A healthy man in his 40s experienced spontaneous pain in both groins and testicles and was therefore referred by his primary doctor for an ultrasound scan. The scan revealed numerous foci of increased echogenicity spread through his testicles. They were -indistinctly delimited, threw no shadow and no doppler signal was detected. The lesions varied in size up to about 5 mm. The testicles were otherwise symmetrical and of normal size, with homogeneous echogenicity and symmetric doppler signal. There was a 2 mm cyst on the left head of epididymis, otherwise the epididymis was normal. No additional findings. See video of the examination on the internet. The image shows -lesions with the appearance of fatty tissue in the testicles. This must not be confused with microcalcifications, which are more common and as a rule harmless, but with an -unclarified correlation with later testicular cancer (1).
Testicular lipomatosis is a pathognomonic finding that can be related to Cowden’s syndrome, a rare, hereditary condition which -entails an increased risk of the devel-opment of several types of cancer (2, 3). In light of this finding, the patient was therefore referred for assessment at the Section of Inherited Cancer, Oslo University Hospital. Other differential diagnoses associated with bilateral, multifocal intratesticular lesions include germ cell tumours, leukaemia, lymphoma, metastases, granulomatous disease (sarcoidosis, tuberculosis) and Leydig cell hyperplasia (3).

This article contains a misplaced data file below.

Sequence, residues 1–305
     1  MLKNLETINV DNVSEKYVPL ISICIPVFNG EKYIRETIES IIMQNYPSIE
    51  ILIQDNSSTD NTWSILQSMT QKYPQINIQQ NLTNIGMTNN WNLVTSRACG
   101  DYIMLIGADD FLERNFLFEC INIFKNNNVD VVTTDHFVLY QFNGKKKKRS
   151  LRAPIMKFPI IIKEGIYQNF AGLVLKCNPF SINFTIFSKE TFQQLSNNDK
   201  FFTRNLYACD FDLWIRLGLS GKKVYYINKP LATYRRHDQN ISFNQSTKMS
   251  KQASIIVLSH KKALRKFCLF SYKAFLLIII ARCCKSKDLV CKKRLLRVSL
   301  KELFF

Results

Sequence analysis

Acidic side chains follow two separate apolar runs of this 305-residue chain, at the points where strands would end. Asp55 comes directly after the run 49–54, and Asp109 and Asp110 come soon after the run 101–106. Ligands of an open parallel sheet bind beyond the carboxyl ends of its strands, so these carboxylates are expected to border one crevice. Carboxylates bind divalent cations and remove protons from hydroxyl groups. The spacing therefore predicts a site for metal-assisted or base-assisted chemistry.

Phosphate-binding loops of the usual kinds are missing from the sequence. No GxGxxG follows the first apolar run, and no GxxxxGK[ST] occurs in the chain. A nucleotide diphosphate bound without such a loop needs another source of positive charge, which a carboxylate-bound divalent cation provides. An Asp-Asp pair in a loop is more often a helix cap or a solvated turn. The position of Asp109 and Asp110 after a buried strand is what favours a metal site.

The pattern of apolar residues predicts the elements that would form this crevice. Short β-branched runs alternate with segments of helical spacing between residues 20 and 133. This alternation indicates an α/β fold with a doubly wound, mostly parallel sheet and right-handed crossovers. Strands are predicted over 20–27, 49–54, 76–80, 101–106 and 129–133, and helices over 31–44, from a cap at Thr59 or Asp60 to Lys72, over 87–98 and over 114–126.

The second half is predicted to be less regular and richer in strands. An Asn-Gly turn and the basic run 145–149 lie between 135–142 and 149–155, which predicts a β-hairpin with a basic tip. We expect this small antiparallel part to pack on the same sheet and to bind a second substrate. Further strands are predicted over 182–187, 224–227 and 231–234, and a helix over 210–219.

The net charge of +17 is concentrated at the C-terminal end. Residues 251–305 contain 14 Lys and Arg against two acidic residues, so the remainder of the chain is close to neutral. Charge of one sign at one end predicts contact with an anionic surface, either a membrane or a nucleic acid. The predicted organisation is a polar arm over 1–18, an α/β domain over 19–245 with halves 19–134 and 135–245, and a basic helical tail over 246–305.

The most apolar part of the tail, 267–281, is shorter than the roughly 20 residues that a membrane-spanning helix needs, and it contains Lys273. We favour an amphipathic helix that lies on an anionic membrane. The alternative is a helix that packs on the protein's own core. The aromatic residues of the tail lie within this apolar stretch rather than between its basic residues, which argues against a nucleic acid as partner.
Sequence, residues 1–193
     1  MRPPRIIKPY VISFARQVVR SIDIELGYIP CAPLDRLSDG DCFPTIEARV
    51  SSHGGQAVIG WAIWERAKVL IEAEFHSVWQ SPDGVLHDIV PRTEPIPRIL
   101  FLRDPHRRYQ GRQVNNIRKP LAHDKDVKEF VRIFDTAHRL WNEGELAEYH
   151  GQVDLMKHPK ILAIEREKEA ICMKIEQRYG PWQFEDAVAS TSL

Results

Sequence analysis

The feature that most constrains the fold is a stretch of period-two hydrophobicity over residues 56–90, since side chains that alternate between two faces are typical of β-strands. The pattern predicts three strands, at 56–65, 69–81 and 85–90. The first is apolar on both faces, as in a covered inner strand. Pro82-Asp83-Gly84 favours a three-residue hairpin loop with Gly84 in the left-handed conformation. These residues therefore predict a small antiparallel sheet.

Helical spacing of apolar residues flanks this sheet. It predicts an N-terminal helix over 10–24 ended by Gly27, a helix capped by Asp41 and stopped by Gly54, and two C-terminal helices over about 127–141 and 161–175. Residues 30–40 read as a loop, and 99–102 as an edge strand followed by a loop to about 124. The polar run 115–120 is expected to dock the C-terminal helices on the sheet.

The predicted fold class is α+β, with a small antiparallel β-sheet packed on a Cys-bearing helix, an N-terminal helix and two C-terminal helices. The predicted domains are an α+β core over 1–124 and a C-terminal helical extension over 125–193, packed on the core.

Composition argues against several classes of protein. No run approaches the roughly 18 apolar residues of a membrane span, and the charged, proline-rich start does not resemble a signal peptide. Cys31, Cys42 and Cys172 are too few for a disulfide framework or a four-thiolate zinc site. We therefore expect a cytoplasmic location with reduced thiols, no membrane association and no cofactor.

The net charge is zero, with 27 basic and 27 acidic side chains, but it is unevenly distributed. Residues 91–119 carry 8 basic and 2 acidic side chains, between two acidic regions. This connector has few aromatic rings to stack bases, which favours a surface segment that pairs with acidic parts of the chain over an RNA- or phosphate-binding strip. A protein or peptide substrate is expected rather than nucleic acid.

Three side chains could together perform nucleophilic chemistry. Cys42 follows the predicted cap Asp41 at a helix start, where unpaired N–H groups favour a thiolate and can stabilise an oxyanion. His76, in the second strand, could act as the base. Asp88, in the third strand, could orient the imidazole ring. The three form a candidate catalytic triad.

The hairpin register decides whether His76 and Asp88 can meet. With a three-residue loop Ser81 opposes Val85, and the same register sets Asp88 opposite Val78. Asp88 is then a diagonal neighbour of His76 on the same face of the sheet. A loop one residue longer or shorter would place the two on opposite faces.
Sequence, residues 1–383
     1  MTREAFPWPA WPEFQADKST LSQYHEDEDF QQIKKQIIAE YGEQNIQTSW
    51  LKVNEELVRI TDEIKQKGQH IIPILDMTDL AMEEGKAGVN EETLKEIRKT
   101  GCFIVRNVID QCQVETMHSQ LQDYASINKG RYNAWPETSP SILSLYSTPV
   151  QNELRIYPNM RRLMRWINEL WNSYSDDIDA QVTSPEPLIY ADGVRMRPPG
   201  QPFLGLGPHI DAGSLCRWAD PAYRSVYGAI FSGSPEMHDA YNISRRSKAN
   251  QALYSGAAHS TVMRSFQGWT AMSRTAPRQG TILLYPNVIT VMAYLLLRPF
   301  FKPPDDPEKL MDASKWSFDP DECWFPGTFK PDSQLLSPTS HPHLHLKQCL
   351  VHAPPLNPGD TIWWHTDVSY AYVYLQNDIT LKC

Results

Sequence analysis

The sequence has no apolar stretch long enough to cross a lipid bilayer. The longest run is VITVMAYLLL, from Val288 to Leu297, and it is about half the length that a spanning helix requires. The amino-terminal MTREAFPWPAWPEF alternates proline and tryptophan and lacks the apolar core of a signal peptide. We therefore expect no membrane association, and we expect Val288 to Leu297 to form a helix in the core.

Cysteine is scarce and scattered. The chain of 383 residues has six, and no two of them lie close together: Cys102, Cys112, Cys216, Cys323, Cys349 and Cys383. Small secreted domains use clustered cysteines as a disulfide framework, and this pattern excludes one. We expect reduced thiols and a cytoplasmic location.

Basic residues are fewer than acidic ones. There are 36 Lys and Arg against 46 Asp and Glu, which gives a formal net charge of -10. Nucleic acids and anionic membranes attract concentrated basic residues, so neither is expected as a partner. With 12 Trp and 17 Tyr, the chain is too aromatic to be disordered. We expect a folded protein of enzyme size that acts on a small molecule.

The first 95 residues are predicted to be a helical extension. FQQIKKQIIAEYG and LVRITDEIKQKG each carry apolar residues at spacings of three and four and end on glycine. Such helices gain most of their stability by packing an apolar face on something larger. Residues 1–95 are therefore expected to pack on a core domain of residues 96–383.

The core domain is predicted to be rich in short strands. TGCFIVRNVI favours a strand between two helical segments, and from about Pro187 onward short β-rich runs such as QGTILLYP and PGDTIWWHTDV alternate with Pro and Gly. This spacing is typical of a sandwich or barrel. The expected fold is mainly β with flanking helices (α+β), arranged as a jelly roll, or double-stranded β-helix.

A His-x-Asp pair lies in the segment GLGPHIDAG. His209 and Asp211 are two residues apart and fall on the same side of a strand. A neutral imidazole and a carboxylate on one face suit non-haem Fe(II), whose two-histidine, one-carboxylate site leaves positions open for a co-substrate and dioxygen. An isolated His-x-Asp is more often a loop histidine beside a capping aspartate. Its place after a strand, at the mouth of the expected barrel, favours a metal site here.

Cowden’s syndrome (multiple hamartoma syndrome) is an autosomal dominant disorder caused by mutation of the gene PTEN on chromosome 10 (2). This tumour suppressor gene plays a central part in the control of cell proliferation, differentiation and apoptosis, and a mutation promotes cellular proliferation in the ectoderm, mesoderm and entoderm. The syndrome is associated with numerous benign harmatomas on the skin and mucous membranes. Benign lesions can be seen in the thyroid and gastrointestinal tract. This patient group also has an elevated risk of cancer of the breast, thyroid, uterus and kidney. Almost all patients with this syndrome have a head circum-ference larger than the 97.5 percentile.
The patient in question has a large head and has had difficulty all his life in finding headgear to fit him. As a child he had a large «fatty lump» removed from under his arm. Subsequent to the ultrasound scan he has been found to have a defect in the PTEN gene c.675T>G, and because of the finding of multiple non-specific nodules in the -thyroid, he has had a prophylactic total -thy-roidectomy.
A total of 37 persons with Cowden’s -syndrome are registered at the Section of -Inherited Cancer at Oslo University Hospital, two of them with testicular lipomatosis. There are also some cases registered at other hospitals. Testicular lipomatosis is an unusual ultrasound finding that may be -incorrectly -interpreted as microcalcifications. Patients with this finding should be referred for genetic assessment with Cowden’s syndrome in mind.